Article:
So not only are citizens limited in how much they may withdraw, but their existing cash was phased out. By the spring of 2023, riots broke out in the streets as citizens demanded paper money be restored. Protesters attacked bank ATMs and blocked streets, and demonstrations turned violent in some cities.

As you can see, the launch of the CBDC in Nigeria has been an abject failure.

But it’s not because Nigerians don’t like digital currencies. According to the BBC, an estimated 32% of Nigerians use decentralized cryptocurrencies like bitcoin.

So they don’t have a problem with crypto. They just don’t want the government forcing a CBDC on them without a cash option.

Nigeria is a cautionary tale for the more than 100 countries experimenting with some form of their own CBDC. It’s also a wake-up call for Americans.

That’s because starting as early as July 26, we could see the groundwork laid for a “digital dollar” in the United States.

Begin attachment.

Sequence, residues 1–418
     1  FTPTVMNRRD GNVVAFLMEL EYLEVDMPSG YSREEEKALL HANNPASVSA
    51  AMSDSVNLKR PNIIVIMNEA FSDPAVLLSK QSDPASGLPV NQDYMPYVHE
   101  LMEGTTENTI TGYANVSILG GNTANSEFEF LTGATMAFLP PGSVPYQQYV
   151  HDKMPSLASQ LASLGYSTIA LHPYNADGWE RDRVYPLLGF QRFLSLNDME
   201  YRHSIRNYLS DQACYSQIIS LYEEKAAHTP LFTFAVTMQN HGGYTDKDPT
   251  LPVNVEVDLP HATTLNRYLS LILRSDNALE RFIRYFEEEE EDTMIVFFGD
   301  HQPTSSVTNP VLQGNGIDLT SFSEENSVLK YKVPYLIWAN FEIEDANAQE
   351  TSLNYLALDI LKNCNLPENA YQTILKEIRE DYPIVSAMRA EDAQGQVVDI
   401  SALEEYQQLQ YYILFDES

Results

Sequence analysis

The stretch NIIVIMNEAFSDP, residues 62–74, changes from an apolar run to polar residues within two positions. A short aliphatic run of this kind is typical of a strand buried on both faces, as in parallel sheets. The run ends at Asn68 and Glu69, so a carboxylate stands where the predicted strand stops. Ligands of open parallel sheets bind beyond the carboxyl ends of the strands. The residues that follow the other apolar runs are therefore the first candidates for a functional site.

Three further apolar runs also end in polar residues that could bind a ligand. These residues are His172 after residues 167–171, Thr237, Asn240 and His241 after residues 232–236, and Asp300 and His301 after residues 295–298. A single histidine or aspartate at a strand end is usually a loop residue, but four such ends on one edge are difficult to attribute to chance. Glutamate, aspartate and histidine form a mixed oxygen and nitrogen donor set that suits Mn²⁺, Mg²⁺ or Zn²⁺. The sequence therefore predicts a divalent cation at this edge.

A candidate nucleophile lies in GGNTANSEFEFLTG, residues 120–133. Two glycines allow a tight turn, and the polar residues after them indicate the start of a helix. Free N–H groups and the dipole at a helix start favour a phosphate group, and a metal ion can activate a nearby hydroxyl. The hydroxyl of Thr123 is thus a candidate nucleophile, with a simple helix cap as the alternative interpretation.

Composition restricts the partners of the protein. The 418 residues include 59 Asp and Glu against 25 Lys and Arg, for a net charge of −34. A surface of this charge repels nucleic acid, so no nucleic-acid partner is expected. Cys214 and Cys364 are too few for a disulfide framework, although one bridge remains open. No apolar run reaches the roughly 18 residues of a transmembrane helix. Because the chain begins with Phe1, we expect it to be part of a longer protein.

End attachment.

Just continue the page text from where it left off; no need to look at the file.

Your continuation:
The Fed’s Trojan Horse

On July 26 the Federal Reserve is scheduled to launch FedNow. It’s a payment system designed for instant settlement. On paper, it sounds like a technological improvement over traditional payment networks.

The current global financially payment system is a dinosaur. It can take days for a check to clear. And wire transfers can take up to a week… if they don’t get lost.

FedNow allows users to settle those types of transactions in hours instead of days. Those are the benefits. But FedNow could also be used as a Trojan horse. It creates the infrastructure for the government to issue a CBDC. In other words, a digital dollar.

A CBDC uses a ledger system to keep track of every single transaction. And it’s programmable, so the value of it could be changed at any time.